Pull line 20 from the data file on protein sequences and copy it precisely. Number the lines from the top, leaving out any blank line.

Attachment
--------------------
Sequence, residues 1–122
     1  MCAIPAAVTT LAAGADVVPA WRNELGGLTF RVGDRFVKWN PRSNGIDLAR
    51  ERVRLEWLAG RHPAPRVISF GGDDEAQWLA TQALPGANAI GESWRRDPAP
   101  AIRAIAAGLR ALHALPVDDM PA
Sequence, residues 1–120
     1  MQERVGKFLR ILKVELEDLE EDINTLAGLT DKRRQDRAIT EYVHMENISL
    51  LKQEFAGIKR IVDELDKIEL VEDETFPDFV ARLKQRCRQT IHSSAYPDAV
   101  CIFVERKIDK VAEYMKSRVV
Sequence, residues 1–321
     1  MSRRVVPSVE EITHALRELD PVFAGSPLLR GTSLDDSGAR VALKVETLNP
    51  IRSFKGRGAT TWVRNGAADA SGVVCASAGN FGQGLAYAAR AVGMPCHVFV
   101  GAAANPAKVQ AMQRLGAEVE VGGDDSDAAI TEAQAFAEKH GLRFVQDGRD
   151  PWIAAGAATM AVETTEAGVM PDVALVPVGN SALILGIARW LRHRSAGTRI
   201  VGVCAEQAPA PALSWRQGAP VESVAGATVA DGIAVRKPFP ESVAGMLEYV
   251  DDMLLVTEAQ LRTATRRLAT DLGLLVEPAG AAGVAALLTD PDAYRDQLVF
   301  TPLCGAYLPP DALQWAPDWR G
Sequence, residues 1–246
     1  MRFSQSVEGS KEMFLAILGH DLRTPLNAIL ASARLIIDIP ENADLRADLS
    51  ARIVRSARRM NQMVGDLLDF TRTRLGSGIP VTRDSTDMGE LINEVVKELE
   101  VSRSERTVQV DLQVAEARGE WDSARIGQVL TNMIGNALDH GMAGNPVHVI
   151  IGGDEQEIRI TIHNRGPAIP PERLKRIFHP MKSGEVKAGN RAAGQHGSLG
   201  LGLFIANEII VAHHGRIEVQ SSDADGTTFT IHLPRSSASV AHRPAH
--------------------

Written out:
   101  VSRSERTVQV DLQVAEARGE WDSARIGQVL TNMIGNALDH GMAGNPVHVI